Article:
Along the Air Line... 2023 - Spring, Part 15
The Air Line Trail in Eastern Connecticut - Stan Malcolm Photos

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May 17th. A male Baltimore Oriole (Icterus galbula).






The female selecting nesting material.









A male Red-winged Blackbird (Agelaius phoeniceus) walking on water... well, a lily pad actually where the blackbirds hunt for bugs.



A female Wood Duck (Aix sponsa) with nine ducklings. First I've seen this year and they look pretty young.







With thanks to UConn's Dr. Sarah Taylor for the ID, this is Long-styled Sweet-cicely (Family Apiaceae, Ozmorhiza longistylis). The first record of it in Tolland County.









An afternoon walk on the Amston end of the Colchester Spur. Great Blue Heron (Ardea herodias)...



...on the hunt.












The strike!



Pretty sure it missed.












A small patch of Blue-eyed Grass (Sisyrinchium sp.) on the spur. Not a grass, but an Iris relative.



Back on the main trail at Raymond Brook Marsh, Common or Philadelphia Fleabane (Erigeron philadelphicus).



Larger Blue Flag Iris (Iris versicolor) has just started blooming.















May 18th. The female Wood Duck (Aix sponsa) has moved to the north side of the marsh - with ten ducklings. (I thought I saw ten yesterday but couldn't get them all in one picture.)















May 19th. I found the Baltimore Oriole (Icterus galbula) nest right where I saw the start of it on May 9th, and near where I saw a female harvesting nest materials on May 17th.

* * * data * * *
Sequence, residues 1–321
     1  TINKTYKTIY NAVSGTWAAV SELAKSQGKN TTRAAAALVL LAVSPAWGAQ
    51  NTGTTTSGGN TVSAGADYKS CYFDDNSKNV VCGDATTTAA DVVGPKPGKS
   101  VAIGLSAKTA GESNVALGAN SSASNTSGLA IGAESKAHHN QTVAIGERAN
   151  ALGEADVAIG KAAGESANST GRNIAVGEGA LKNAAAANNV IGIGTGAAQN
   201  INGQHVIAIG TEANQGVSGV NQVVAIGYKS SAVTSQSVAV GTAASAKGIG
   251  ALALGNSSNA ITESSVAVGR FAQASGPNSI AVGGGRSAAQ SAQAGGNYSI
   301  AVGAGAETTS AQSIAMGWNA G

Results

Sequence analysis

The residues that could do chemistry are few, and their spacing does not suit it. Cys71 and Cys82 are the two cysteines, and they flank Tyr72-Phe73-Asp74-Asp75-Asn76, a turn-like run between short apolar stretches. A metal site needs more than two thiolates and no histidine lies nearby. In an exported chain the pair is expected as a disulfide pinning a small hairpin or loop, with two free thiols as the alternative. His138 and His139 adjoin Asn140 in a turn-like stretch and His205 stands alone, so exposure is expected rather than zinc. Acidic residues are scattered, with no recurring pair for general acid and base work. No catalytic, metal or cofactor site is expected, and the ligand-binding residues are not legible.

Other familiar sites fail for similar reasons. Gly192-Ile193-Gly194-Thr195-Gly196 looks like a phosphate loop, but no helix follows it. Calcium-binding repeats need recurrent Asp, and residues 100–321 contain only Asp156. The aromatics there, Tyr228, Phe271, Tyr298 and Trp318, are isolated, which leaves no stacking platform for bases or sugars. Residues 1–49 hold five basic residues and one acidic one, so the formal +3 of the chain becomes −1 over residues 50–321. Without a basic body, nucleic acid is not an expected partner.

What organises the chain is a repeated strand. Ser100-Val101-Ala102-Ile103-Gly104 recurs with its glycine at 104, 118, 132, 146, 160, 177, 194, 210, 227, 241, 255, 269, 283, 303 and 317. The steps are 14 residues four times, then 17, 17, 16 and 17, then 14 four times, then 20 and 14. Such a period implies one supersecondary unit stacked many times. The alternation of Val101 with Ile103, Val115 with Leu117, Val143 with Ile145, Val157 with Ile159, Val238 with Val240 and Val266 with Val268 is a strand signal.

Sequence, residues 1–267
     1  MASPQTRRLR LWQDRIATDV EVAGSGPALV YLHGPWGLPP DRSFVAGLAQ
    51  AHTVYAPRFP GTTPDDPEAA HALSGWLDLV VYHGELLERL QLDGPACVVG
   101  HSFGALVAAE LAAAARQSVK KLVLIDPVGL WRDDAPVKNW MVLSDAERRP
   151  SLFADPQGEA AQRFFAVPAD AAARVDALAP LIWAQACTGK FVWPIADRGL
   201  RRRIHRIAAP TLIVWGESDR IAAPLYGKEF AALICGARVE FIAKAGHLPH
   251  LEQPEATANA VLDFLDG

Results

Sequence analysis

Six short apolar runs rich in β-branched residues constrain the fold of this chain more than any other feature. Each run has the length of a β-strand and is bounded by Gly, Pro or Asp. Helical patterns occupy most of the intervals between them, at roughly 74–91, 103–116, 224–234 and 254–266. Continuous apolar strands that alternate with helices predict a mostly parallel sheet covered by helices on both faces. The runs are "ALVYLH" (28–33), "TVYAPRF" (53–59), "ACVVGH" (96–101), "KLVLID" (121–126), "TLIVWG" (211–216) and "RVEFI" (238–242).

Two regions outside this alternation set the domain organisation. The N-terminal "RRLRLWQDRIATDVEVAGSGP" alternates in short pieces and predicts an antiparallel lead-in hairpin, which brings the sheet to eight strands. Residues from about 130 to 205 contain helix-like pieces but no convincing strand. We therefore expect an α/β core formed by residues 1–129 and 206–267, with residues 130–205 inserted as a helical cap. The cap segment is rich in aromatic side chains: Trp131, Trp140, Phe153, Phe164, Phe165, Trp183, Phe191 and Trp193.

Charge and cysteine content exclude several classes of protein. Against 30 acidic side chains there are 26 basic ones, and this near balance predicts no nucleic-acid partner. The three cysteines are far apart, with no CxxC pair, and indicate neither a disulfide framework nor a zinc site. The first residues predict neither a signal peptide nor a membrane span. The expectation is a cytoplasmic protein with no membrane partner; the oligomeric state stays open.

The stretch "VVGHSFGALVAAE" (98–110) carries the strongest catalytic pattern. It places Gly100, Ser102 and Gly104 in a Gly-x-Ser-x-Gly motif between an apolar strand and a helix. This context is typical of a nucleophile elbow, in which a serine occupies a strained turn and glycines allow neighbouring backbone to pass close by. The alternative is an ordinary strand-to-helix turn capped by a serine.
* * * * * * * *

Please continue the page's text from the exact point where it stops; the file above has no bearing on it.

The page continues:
May 20th. Male Tree Swallow (Tachycineta bicolor) on the usual perch.






The female Baltimore Oriole (Icterus galbula) was still busy selecting nesting material...






...while the male foraged nearby.



This American Bittern (Botarus lentinginosus) photo was taken on April 21st, 2022.
(More pictures on this page: )



...while this one was taken on April 23rd, 2022.
(More pictures on this page:

I've been hearing a bittern for a week or more lately, but have yet to see one this year.



May 21st. A fallen Spongy Oak-Apple Gall made by a Cynipid Wasp, most likely Amphibolips confluenta.



The wasp larva produces plant-like chemicals that cause an oak leaf to produce the gall structure in which the larva feeds...



...and eventually pupates, later emerging as an adult...



...similar to this one I photographed on April 15th of this year.



It's a good year for these Mayfly (Order Ephemeroptera) adults.



Terminal clusters of False Solomon's-seal (Smilacina racemosa). blossoms have started opening.



May 22nd. I took this picture by accident while readying the camera for the next shot... but I like it!



This belly deep Great Blue Heron (Ardea herodias) was what I was preparing to photograph.









A smallish Northern Water Snake (Nerodia sipedon) heading for cover.